By Catherine Breese
Remember that scene in It’s a Wonderful Life, the one where Jimmy Stewart has come to the realization that Uncle Billy has lost the bank deposit and a huge scandal is a certainty? He comes home shaking and sweating. One child is practicing the piano loudly and badly, and Zuzu is sick. He yells, “Why do we have to have all these kids anyway?” Often these days I find myself saying, “Why do we have to have all these dogs anyway?”
For the record, I love my dogs. I am a dog person. I give to the SPCA annually and adopted both my dogs at the Kanawha County Animal Shelter. Let the record also show that my dogs can’t read and so nothing written here will hurt their feelings.
But really, I am very, very exhausted by all of the joy my two dogs bring me. I know I am not supposed to say this. It’s like saying you are sick of your kids…no, actually lots of people get away with complaining about their kids. But somehow when you complain about your dog, people get all mushy and feel sad for the silly fur bag. It’s more like saying you hate your grandmother. Yes, that’s a better comparison.
I’ve had dogs all my life, and I’ve had some great dogs. These aren’t them.
Henry and Pancake have their own special quirks. Henry’s got some bladder and flow issues. Henry Sprinkler is his nickname, or sometimes The Piddler. He pees when he’s excited, when he’s angry, when he’s guilty, when he meets a stranger, etc. He will pee on any surface but definitely prefers carpet. Loving Henry means loving to clean the floor. Now, Pancake has little man’s syndrome, barking loudly with hackles up at the slightest provocation. And oh the drama! If he’s nervous and any part of his body is touched, even lightly, he cries out in this terrified girlish scream of a Chihuahua in a bear trap. The other day he made this scream when I was wiping his feet. People across the park turn, stare, and gasp in horror. It is terribly embarrassing. When you adopt dogs, you get what you get.
Not that we haven’t tried to train them. Oh, we have. Five years of walking on a leash every single day, but God help us if one of them sees a squirrel or another dog. They will jerk our arms right out of the shoulder joint. They have also never gotten out of the habit of taking off when let off the leash. If the front door is accidentally left ajar, they run away as though they’ve been held and tortured at the Louisiana State Penitentiary in Angola. Pancake comes back after a few laps of the neighborhood. Henry has to be rounded up; he has no intention of returning. Henry would happily move into the home of anyone silly enough to invite him inside. Zero loyalty. It’s a fine thanks, since we actually saved his life when we adopted him. They don’t like balls or Frisbees or sticks. They will not fetch, or catch anything that is not a dog cookie. The only game they do play is a game we like to call “Michael Vick Comes for a Visit,” in which they wrestle so viciously that we have to break it up.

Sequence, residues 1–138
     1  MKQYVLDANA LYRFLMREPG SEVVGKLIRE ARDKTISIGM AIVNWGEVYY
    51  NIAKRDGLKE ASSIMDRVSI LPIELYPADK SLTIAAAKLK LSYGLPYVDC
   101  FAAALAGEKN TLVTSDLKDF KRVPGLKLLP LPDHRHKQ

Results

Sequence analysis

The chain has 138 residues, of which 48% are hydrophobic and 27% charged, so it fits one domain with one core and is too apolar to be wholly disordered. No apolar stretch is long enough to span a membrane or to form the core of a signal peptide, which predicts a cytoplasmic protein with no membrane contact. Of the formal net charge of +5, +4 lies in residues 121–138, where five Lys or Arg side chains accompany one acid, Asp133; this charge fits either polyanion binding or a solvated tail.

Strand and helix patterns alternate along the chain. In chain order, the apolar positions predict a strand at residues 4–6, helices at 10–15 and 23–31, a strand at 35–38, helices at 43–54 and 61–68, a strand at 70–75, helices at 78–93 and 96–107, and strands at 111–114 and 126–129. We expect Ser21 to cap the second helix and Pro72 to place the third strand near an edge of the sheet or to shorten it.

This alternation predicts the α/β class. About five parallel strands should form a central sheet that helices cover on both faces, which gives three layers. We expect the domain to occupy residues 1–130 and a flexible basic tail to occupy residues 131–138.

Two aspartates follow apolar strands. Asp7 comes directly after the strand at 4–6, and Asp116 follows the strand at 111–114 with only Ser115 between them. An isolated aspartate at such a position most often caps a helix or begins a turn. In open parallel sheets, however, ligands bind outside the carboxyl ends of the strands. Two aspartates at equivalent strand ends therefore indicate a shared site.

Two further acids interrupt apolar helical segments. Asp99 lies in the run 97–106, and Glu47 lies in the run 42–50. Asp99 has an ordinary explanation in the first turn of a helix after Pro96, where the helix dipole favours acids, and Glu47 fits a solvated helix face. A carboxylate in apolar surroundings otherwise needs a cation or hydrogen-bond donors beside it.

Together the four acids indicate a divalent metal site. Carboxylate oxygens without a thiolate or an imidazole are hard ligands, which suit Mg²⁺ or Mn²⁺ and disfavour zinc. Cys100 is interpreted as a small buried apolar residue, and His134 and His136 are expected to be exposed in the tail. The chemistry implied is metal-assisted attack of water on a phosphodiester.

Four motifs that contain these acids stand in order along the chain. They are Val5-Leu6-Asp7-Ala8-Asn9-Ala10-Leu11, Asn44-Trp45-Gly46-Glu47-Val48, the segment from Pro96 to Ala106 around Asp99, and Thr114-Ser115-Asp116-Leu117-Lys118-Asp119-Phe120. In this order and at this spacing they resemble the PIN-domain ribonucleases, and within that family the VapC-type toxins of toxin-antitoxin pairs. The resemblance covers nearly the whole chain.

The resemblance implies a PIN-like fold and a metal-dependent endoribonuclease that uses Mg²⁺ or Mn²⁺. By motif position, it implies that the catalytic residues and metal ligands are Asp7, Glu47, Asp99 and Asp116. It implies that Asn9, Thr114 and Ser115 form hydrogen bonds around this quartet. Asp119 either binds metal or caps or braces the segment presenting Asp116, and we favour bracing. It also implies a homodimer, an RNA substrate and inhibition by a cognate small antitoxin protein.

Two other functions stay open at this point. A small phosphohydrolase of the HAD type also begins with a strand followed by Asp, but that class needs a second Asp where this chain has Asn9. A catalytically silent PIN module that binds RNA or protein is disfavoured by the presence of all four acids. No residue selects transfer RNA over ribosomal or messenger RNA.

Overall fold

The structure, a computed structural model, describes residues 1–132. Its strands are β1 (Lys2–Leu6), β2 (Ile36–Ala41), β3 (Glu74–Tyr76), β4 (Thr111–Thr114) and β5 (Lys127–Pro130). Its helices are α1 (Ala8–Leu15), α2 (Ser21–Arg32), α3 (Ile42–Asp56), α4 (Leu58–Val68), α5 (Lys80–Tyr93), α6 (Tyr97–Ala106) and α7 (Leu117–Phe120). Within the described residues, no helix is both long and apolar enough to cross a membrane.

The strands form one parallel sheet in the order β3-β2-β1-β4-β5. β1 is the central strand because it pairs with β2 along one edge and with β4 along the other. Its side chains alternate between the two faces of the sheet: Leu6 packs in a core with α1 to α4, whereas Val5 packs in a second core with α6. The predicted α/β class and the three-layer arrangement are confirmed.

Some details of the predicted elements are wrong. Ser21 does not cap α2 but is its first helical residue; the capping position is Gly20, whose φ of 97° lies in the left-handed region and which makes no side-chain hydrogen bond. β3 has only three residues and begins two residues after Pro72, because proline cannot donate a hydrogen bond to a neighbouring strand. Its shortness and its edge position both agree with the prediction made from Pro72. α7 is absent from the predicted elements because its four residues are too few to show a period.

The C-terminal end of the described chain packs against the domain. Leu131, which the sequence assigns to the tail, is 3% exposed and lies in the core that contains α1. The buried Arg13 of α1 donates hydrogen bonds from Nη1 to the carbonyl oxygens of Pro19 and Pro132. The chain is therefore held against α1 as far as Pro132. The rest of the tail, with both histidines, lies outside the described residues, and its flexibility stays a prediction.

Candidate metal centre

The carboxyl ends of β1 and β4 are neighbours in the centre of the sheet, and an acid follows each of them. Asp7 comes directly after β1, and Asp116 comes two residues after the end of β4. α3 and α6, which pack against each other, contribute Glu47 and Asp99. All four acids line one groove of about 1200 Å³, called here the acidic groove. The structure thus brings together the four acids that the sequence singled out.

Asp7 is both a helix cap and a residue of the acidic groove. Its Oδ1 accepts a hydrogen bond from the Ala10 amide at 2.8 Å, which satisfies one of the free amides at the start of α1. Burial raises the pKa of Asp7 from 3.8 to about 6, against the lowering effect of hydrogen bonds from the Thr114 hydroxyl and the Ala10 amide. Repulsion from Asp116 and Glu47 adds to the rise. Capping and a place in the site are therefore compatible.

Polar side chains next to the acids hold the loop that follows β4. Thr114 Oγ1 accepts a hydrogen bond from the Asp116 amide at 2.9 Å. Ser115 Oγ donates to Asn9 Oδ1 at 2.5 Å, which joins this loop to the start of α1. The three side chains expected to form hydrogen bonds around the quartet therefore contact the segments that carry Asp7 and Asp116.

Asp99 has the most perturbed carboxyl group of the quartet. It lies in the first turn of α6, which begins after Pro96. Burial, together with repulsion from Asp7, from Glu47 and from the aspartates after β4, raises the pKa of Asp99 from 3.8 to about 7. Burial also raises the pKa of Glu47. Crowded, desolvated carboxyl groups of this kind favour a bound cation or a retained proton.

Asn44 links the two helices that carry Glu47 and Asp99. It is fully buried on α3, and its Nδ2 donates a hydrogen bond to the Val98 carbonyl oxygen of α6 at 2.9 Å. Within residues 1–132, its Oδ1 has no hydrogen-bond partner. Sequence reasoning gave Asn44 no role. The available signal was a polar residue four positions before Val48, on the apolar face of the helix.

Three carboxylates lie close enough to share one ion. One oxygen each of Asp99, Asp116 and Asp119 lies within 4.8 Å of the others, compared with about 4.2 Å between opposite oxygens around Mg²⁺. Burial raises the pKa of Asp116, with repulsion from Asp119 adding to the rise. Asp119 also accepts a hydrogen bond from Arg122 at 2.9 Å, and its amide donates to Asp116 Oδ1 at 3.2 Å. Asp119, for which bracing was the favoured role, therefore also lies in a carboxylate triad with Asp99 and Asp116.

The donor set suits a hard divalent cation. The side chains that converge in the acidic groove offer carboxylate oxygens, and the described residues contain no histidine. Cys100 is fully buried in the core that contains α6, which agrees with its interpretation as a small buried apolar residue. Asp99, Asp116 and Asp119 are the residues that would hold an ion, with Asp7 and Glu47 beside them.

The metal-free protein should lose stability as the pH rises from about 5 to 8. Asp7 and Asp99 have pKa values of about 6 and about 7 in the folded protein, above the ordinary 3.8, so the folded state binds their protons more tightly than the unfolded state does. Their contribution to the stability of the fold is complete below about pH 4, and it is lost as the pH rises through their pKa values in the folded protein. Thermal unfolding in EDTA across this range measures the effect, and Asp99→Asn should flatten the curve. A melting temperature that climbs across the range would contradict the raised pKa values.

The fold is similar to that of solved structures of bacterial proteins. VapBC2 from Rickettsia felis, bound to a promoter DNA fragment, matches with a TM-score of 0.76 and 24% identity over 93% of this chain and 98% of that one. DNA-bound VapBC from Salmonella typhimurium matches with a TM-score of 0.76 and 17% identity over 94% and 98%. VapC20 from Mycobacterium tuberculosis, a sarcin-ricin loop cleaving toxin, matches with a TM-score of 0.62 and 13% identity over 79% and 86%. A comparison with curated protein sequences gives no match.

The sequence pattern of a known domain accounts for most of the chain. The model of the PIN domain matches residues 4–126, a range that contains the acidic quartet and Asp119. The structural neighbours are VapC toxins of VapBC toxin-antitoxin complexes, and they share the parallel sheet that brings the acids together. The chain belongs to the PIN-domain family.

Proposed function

They only have one talent, really. And that is looking cute. (Their other skill is shedding, but most people don’t look at it that way.)
Since we have been traveling our wonderful beasts are with us 24/7. Where we go, they go. And I, for one, could use a break.
Recently, they have gotten to hang out with their cousin Erma (a talented red lab who walks herself on a leash–yes, walks herself). Although Erma exhibits all the desirable doggie skills—fetching, playing ball, peeing outdoors—Henry and Pancake have learned nothing by example. It’s sad really. It’s as though they can’t learn a new trick.
Erma has been a generous doggie hostess, sharing her bones, toys, and yard. Yet, Henry and Pancake are much more annoying than they are grateful. After we were here for a few days Henry figured out that Erma is a girl and has been endlessly harassing her. He has neither the equipment nor the skill to knock her up, but that hasn’t stopped him from trying several times a day. In fact, Henry and Pancake are like the New Yorkers on our trip, complaining about everything from the food to the sleeping accommodations. When we take them outside, they make a beeline for the car as if to say, “Time to go home, now.” (They are woefully unaware that their home actually is the blue Ford Freestyle in the driveway.)
They are just really bad house guests, I guess, and by virtue of the fact that they’re with us, that makes us bad guests as well. Um, I’d better stop here. Otherwise I might scare off other friends who have offered places for us to stay. Really, they’re very sweet dogs. I swear.